We compute country closeness averages to indicate how remote on average a country’s banks have been in the global banking network. We would expect that countries whose banks show low average closeness would have been hurt more during the crisis because liquidity in the interbank market was more difficult for that country’s banks to obtain.
Banks’ position in the global banking system and the depth of the crisis
Developed countries with higher average betweenness suffered less during the crisis
Previous financial crises during the past two decades, such as the Asian crisis of the late 1990s or the European Exchange Rate Mechanism crisis of 1992, tended to be regional in nature and were limited to groups of either developing or developed countries. By contrast, the current financial crisis is global and has affected both developed and developing countries in all regions.
Developed countries with higher closeness suffered less during the crisis
Nonetheless, it is important to recognize that the level of financial development in developing countries is still very far from that in advanced economies. Thus, one would not expect the mechanism of crisis transmission and the importance of banking network indicators to be the same for advanced and for developing economies. We therefore split our sample into two groups: high-income OECD countries and developing countries. We find that average betweenness helps us understand differences in the depth of the crisis among high-income OECD countries, while average closeness helps us understand these differences among both developing and developed countries. This is to be expected because banks in developing countries play a less important role in the global financial network and, consequently, average betweenness values for developing countries tend to be low, with little variation. At the same time, average closeness varies substantially in both groups of countries.
Figure 1 shows the relationship between average betweenness and the percentage change in stock market indexes in high-income OECD countries. In countries with banks that on average are more central in the global banking system, such as France and Germany, the crisis was less severe than in countries such as Iceland, Ireland, and Greece, whose banks play a less central role in the global banking network. Of course, the correlation of betweenness and stock market performance during the crisis does not line up perfectly because many other factors also affected the size of the stock market decline.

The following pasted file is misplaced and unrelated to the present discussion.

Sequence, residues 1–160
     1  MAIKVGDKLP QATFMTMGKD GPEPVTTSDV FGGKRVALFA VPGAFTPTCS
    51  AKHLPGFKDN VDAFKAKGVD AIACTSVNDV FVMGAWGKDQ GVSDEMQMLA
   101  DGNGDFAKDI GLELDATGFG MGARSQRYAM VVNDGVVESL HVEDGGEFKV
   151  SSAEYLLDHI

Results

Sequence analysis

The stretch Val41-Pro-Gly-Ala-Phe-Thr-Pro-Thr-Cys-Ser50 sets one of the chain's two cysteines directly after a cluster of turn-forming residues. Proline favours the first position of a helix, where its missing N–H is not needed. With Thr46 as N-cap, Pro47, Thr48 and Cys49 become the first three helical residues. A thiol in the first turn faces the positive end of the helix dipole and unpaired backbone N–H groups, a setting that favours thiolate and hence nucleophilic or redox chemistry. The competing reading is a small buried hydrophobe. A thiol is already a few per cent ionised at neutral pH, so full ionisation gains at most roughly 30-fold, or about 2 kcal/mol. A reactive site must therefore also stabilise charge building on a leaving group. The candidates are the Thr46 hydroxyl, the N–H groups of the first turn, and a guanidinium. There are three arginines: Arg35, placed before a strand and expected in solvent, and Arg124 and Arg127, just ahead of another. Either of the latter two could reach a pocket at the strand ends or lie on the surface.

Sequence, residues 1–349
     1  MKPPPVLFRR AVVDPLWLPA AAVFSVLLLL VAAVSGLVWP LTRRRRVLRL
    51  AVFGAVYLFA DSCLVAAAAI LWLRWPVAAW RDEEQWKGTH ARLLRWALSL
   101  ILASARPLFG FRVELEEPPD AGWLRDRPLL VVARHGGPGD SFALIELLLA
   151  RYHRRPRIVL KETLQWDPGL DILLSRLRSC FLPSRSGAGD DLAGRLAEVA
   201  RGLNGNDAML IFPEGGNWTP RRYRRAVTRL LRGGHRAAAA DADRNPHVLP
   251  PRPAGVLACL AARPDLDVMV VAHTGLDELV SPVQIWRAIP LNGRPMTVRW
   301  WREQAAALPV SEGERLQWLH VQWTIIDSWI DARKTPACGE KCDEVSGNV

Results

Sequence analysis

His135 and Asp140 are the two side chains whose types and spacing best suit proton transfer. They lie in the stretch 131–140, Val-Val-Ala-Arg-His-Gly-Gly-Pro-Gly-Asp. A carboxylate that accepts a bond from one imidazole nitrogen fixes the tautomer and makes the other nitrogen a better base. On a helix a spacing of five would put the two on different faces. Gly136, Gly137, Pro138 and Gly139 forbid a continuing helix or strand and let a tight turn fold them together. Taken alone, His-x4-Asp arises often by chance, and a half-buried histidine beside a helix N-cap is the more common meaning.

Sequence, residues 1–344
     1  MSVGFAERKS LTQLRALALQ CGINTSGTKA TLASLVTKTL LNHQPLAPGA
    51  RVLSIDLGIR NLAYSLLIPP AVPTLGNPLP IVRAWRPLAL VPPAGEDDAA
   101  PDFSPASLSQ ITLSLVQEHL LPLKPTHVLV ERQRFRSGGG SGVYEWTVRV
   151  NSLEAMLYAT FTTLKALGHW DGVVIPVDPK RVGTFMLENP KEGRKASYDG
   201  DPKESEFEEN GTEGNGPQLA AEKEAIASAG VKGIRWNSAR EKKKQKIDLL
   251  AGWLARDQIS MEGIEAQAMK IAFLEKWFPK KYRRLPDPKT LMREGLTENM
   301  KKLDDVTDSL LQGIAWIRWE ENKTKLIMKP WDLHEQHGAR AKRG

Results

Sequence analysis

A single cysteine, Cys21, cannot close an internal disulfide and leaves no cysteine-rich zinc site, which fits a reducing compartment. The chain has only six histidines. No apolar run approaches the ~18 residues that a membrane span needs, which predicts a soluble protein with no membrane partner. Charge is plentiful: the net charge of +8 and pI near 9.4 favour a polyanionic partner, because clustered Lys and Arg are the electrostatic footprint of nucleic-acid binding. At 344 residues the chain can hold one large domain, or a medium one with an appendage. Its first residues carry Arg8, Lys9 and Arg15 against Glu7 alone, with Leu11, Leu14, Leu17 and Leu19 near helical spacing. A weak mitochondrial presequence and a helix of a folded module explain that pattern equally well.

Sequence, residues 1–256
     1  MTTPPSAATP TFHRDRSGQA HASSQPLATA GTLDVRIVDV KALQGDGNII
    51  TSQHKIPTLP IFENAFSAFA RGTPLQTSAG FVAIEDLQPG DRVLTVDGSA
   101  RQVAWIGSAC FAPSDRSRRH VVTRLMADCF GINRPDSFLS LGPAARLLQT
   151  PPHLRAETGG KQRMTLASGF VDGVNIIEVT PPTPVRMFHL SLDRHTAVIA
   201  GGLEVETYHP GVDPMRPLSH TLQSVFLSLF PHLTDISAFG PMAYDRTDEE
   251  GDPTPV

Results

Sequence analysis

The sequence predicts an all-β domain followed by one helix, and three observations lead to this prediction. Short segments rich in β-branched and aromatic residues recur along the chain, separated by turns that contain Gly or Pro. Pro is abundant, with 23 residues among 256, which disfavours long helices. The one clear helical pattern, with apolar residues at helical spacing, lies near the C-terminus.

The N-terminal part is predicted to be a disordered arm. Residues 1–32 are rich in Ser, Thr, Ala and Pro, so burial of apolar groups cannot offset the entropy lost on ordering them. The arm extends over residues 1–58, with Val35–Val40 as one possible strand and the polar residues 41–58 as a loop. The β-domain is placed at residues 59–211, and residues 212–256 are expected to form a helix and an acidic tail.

Figures 2 and 3 show the relationship between average closeness and the percentage change in stock market indexes in developed and developing countries, respectively. In both cases, countries with banks that on average have been more remote from the center of the banking network experienced more severe stock market declines. When credit markets dried up during the crisis, these countries were likely to experience more stringent credit shortages than countries in which banks had more direct relationships with the rest of the global banking network.
Developing countries with higher closeness suffered less during the crisis
This research suggests that the international relationships banks established with other banks during almost three decades preceding the current financial crisis proved valuable in providing access to liquidity.
Analyzing data at an aggregate country level, we find that, for advanced economies, the extent to which a given country’s banks served as intermediaries in indirect bank relationships was an important indicator of crisis severity. The more important a country’s banks were as intermediaries in the global banking network, as measured by betweenness, the less severe was the decline in that country’s stock market in 2008. This may reflect a tendency of counterparties to assign high priority to maintaining relationships with these banks and therefore continuing to provide them liquidity and meet other obligations.
For developing countries, the less connected a country’s banks were on average, the more severe was the drop in its stock market. For banks that had not established many direct relationships and had relied on many intermediaries to obtain credit, the liquidity shortage may have been especially acute, amplifying the effects of the financial crisis.
These findings point to the importance of bank relationships in determining a country’s access to credit during times of duress. Notably, measures of bank relationships seem to have been correlated with the change in a given country’s stock market index in 2008, a key indicator of the depth of the financial crisis in that country.
Hale, Galina, and Assaf Razin. 2009. “Does Creditor Protection Mitigate the Likelihood of Financial Crises and Their Effect on the Stock Market?” VoxEU.org.
Hale, Galina, Assaf Razin, and Hui Tong. 2009. “The Impact of Credit Protection on Stock Prices in the Presence of Credit Crunches.” NBER working paper 15141.
Rose, Andrew K., and Mark Spiegel. 2009a. “Cross-Country Causes and Consequences of the 2008 Crisis: Early Warning.” NBER working paper 15357.
Rose, Andrew K., and Mark Spiegel. 2009b. “Predicting Crises, Part II: Did Anything Matter (to Everybody)?” FRBSF Economic Letter 2009-30.
Trehan, Bharat. 2009. “Predicting Crises, Part I: Do Coming Crises Cast Their Shadows Before?” FRBSF Economic Letter 2009-29.